Pivotal data from the ELEVATE program in ulcerative colitis — which consists of two Phase III trials, one lasting 52 weeks and the other just 12 weeks — illustrate an “encouraging balance of efficacy and safety,” according to Michael Corbo, chief development officer of inflammation & immunology at Pfizer. The company is presenting the results as a late breaker at Digestive Disease Week.

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Lil­ly's mirik­izum­ab, once a con­tender for pso­ri­a­sis, bol­sters case for UC in­di­ca­tion in main­te­nance tri­al da­ta read­out

Early last year, Eli Lilly announced that instead of taking its blockbuster contender mirikizumab forward to the FDA for psoriasis, it would be essentially going nowhere in the indication. Instead, the pharma then announced in its Q1 ’21 earnings statement that it would be focusing on ulcerative colitis and Crohn’s disease indications in a sudden about-face.

And as the drug is before the FDA for potential approval for the first indication of ulcerative colitis, the megapharma is now ready to reveal more data to bolster its case.

Co­pay coupons gone wrong, again: Pfiz­er pays al­most $300K to set­tle com­plaints in four states

Pfizer has agreed to pay $290,000 to settle allegations of questionable copay coupon practices in Arizona, Colorado, Kansas, and Vermont from 2014 to 2018.

While the company has not admitted any wrongdoing as part of the settlement, Pfizer has agreed to issue restitution checks to about 5,000 consumers.

A Pfizer spokesperson said the company has “enhanced its co-pay coupons to alleviate the concerns raised by states and agreed to a $30,000 payment to each.”

Delaware court rules against Gilead and Astel­las in years-long patent case

A judge in Delaware has ruled against Astellas Pharma and Gilead in a long-running patent case over Pfizer-onwed Hospira’s generic version of Lexiscan.

The case kicked off in 2018, after Hospira submitted an Abbreviated New Drug Application (ANDA) for approval to market a generic version of Gilead’s Lexiscan. The drug is used in myocardial perfusion imaging (MPI), a type of nuclear stress test.

Taye Diggs (courtesy Idorsia)

Idor­sia inks an­oth­er celebri­ty en­dors­er deal with ac­tor and dad Taye Dig­gs as Qu­viviq in­som­nia am­bas­sador

Idorsia’s latest Quviviq insomnia campaign details the relatable dad story of a well-known celebrity — actor and Broadway star Taye Diggs.

Diggs stopped sleeping well after the birth of his son, now more than 10 years ago. Switching mom-and-dad nightly shifts to take care of a baby interrupted his sleep patterns and led to insomnia.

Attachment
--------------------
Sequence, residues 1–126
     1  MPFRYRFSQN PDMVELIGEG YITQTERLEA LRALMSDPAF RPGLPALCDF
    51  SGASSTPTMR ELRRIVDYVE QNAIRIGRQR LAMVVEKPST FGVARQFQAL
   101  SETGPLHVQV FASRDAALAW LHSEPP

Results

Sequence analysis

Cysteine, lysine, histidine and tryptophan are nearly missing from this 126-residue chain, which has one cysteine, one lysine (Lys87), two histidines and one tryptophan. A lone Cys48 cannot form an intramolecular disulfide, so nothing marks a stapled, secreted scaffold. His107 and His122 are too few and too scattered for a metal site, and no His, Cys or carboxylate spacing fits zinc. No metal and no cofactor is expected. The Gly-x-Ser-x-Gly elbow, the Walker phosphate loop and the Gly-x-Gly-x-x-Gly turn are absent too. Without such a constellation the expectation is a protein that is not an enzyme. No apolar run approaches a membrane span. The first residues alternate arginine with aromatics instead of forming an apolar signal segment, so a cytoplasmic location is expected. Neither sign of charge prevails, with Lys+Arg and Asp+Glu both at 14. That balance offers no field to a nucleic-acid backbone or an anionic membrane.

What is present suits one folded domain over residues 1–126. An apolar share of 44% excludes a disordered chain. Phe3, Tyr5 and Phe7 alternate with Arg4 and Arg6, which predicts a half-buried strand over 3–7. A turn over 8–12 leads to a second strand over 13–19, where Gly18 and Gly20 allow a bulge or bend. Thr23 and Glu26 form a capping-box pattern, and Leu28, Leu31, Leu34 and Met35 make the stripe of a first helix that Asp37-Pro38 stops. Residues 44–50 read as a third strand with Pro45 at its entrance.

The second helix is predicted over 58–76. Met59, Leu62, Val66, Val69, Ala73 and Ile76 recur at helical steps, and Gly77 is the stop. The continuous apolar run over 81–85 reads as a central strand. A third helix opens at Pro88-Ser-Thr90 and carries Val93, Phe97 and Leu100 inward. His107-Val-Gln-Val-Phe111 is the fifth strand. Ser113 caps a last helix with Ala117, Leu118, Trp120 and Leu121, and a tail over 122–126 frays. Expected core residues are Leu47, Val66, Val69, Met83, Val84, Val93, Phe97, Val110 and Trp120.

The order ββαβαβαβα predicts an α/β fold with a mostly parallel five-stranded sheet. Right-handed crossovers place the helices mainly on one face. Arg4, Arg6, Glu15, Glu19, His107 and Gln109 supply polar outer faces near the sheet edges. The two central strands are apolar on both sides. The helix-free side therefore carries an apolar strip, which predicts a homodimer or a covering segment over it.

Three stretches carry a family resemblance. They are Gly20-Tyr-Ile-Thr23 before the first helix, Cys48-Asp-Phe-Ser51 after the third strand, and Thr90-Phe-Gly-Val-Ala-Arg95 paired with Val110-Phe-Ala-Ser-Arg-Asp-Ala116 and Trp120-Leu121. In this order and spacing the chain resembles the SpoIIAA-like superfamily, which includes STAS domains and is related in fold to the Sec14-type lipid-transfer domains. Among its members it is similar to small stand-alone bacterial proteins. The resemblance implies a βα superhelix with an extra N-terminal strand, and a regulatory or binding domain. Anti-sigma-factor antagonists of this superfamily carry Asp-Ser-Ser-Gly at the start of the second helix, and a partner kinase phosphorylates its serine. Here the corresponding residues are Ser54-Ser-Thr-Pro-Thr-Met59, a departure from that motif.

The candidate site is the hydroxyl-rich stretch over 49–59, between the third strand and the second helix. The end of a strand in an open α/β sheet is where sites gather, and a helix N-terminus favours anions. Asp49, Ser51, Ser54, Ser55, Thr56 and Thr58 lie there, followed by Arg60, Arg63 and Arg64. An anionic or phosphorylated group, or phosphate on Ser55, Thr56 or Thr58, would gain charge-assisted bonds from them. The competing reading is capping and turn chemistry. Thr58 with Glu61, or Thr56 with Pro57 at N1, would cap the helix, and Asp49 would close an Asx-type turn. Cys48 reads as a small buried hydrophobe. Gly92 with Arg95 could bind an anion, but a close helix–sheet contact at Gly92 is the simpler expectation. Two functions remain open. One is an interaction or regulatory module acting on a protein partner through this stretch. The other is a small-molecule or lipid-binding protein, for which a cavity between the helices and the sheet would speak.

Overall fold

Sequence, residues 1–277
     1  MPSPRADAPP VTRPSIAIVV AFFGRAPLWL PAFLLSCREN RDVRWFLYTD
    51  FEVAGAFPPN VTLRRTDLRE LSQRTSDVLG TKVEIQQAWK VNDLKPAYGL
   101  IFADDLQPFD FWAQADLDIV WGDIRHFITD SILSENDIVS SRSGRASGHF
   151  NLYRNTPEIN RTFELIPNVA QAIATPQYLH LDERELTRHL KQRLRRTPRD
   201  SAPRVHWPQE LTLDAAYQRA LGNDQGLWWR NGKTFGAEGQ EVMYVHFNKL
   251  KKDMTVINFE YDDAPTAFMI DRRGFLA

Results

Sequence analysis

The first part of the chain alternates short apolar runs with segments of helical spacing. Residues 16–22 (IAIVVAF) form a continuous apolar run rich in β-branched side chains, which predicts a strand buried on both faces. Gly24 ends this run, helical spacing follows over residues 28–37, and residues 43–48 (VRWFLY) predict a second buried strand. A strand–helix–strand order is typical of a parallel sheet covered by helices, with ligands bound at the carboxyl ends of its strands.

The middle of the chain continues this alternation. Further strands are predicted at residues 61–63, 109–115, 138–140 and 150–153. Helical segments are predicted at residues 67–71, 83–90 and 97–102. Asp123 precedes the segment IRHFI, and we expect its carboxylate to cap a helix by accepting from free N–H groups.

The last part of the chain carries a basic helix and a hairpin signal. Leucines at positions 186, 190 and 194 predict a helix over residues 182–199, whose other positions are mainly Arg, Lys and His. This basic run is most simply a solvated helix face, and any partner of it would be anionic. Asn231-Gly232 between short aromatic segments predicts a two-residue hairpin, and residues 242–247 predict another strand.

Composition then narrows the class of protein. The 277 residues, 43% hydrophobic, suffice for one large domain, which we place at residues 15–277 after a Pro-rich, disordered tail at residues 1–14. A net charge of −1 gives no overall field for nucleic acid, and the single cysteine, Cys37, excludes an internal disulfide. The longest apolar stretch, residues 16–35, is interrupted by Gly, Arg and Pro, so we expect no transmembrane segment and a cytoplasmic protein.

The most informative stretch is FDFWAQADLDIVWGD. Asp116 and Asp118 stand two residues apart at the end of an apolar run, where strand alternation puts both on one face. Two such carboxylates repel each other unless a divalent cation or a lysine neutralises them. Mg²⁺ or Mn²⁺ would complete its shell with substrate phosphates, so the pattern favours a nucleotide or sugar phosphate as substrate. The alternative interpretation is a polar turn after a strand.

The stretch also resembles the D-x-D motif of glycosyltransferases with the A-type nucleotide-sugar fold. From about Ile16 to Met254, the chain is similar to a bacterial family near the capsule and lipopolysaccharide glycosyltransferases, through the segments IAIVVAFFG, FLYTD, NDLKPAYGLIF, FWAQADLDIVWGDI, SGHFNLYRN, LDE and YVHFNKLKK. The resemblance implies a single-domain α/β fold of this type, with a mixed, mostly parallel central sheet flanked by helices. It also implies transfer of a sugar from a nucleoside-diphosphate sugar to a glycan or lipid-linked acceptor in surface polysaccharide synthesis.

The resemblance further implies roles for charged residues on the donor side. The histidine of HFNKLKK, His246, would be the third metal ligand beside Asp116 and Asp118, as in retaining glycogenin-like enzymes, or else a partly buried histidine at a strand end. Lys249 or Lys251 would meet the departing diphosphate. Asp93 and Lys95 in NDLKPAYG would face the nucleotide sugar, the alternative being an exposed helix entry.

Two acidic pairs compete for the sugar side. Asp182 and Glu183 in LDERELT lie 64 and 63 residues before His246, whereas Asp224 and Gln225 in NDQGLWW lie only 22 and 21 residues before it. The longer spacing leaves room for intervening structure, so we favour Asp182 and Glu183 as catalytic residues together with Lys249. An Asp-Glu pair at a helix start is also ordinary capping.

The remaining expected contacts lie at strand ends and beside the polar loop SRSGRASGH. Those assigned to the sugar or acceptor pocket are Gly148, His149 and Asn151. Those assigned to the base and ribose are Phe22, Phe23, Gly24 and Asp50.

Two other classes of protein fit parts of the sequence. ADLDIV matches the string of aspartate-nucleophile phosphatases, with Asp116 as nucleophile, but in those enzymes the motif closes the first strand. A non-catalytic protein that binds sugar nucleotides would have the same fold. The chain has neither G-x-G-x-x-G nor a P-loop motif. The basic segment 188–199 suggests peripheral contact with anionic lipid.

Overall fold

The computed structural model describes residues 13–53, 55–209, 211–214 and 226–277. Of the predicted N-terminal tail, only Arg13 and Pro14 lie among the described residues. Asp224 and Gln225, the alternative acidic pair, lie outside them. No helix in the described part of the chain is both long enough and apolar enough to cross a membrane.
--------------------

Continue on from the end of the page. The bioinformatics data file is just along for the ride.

“When you’re lucky enough to be living out your dream and doing what you want, but because of something as simple as a lack of sleep, you’re unable to do that, it felt absolutely — it was treacherous,” he says in an interview-style video on the Quviviq website.

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Belén Garijo, Merck KGaA CEO (Kevin Wolf/AP Images for EMD Serono)

Mer­ck KGaA pumps €440M in­to ex­pand­ing and con­struct­ing Irish man­u­fac­tur­ing fa­cil­i­ties

The area of Ireland famous for Blarney Castle and its cliffsides along the Atlantic Ocean is seeing Merck KGaA expand its commitment there.

The German drug manufacturer is expanding its membrane and filtration manufacturing capabilities in Ireland. The company will invest approximately €440 million ($470 million) to increase membrane manufacturing capacity in Carrigtwohill, Ireland, and build a new manufacturing facility at Blarney Business Park, in County Cork, Ireland.

Rep. Katie Porter (D-CA) (Michael Brochstein/Sipa USA/Sipa via AP Images)

House Dems to Sen­ate lead­er­ship: Quick­ly move a rec­on­cil­i­a­tion bill with drug price ne­go­ti­a­tion re­forms

Twenty House Democrats, including Reps. Katie Porter of California and Susan Wild of Pennsylvania, are calling on Senate leaders to move quickly with a reconciliation bill (meaning they only need a simple majority for passage) with prescription drug pricing reforms, and to include adding new authority for Medicare to negotiate drug prices.

They also called on the Senate to specifically follow suit with the House passage of a $35 per month insulin cap (as Senate Majority Leader Chuck Schumer’s deadline for a vote on that provision has come and gone), and to cap Medicare Part D costs at $2,000 per year for seniors.